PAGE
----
Jorge Payaba, coordinator of the Isolated peoples protection programme for FENAMAD (Native federation of the river Madre de Dios) explained that;

The Peruvian State must respect the rights of our brothers in voluntary isolation and initial contact that live in the Territorial Reserve. The expansion of hydrocarbon activities in these indigenous territories will have catastrophic consequences for them; game and fish will become scarce and their lives will be endangered by the presence of outsiders. The impacts will even spill over to neighbouring areas and would mean that other isolated groups living in areas like Manu National Park will also be affected.

Prevention is better than cure

The exact nature of the expansion plans are still unknown as PeruPetro, the Peruvian government agency responsible for administering oil and gas concessions, responded to formal requests for clarification of their proposals by simply stating that ‘no concession in the area of Fitzcarrald has been delimited nor is it negotiating the rights to the concession with any company’[11]. It seems however that PeruPetro is failing to communicate this fact to PetroPeru, the state oil and gas company who in a letter to Survival International explained that; ‘PetroPeru has been coordinating with different state bodies with the objective of exploitation in the area known as Lote Fitzcarrald’. In response, PeruPetro and the ministry of culture explained that this area is currently established as a territorial reserve which means that any commercial extraction of natural resources can only occur in compliance with the legislation that protects indigenous populations and the preservation of the environment[12]. In the meantime UNESCO have also been alerted to the danger due to the threat posed to Manu National Park. This represents a rare case where an international body has an opportunity to prevent violations of human rights and the environment before it is too late. Indigenous peoples’ organisations in Peru and the Forest Peoples Programme eagerly await the results of UNESCO’s interventions with the Peruvian government.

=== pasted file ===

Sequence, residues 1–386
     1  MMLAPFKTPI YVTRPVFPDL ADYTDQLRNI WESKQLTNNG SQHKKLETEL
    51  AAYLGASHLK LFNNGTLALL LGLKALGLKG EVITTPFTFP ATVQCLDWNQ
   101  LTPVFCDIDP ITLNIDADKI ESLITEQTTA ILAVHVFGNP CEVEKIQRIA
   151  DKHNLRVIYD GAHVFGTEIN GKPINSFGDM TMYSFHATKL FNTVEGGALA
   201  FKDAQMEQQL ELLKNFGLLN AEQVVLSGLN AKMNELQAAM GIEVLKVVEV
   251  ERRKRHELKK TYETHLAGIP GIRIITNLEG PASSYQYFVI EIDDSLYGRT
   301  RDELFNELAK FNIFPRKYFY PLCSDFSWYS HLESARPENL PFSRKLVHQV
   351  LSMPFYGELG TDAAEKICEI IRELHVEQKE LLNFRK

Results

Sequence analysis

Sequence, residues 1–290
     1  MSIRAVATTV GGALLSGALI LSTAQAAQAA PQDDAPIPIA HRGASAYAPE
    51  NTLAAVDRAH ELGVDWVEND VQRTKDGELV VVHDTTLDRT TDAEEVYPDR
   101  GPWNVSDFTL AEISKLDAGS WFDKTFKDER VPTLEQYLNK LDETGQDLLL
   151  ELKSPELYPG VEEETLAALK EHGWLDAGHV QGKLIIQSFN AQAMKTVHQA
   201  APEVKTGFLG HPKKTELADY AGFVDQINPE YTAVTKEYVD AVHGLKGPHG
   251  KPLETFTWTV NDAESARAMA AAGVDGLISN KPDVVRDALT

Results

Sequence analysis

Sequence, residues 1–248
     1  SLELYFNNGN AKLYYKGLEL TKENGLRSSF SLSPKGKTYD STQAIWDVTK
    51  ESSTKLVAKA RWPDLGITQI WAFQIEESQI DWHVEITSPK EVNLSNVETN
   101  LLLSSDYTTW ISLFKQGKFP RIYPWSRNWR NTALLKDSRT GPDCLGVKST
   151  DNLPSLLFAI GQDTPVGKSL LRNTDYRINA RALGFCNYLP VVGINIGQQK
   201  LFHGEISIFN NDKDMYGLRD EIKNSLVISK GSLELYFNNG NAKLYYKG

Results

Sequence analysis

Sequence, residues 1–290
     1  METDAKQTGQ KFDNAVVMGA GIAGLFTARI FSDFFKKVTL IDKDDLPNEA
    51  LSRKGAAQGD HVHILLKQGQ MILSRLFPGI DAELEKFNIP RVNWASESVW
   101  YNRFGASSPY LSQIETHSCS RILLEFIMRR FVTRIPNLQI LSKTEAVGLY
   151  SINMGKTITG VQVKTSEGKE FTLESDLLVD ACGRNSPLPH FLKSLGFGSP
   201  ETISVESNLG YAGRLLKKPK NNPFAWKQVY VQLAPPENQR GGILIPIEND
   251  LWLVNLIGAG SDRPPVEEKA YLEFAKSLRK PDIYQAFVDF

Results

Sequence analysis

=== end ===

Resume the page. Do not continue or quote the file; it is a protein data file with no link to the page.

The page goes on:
[1] Supreme Decree Nº 028-2003-AG, Article 3.

[2] The law for the protection of isolated peoples (2006) in Peru establishes that the reserves are ‘untouchable’ or off limits to any resource use other than that practiced by its inhabitants.

[3] Resolución Directoral No 162-2012-MEM/AAE

[5] Salto al futuro como por un tubo’ Caretas 4 abril 2012.

[6] Directrices de protección para los pueblos indígenas en aislamiento y en Contacto Inicial de La región Amazónica, el Gran Chaco y la región oriental de Paraguay, OHCHR, Geneva February 2012:Paragraph 16.

[7] Ibid: Para 62

[8]  Ibid: Para 14b

[9] Shepard, G. (1999) Pharmacognosy and the Senses in Two Amazonian Societies, Ph.D. Dissertation:  University of Berkeley, California.

[10] Ibid: Para 42. Furthermore, on two separate occasions, the Inter American Commission on Human Rights (IACHR) has issued precautionary measures to protect the rights of indigenous peoples in voluntary isolation in Peruand Ecuador  whose existence was threatened by illegal logging activities. In its decisions the commission requested that the Peruvian and Ecuadorean states adopt measures to protect their territory for purposes of effectively safeguarding the rights to life and integrity of their members.

[12] PetroPeru letter to Survival International, 4th June 2012.

Route of the Camisea gas pipeline, Urubamba valley
A Goldstein, 2003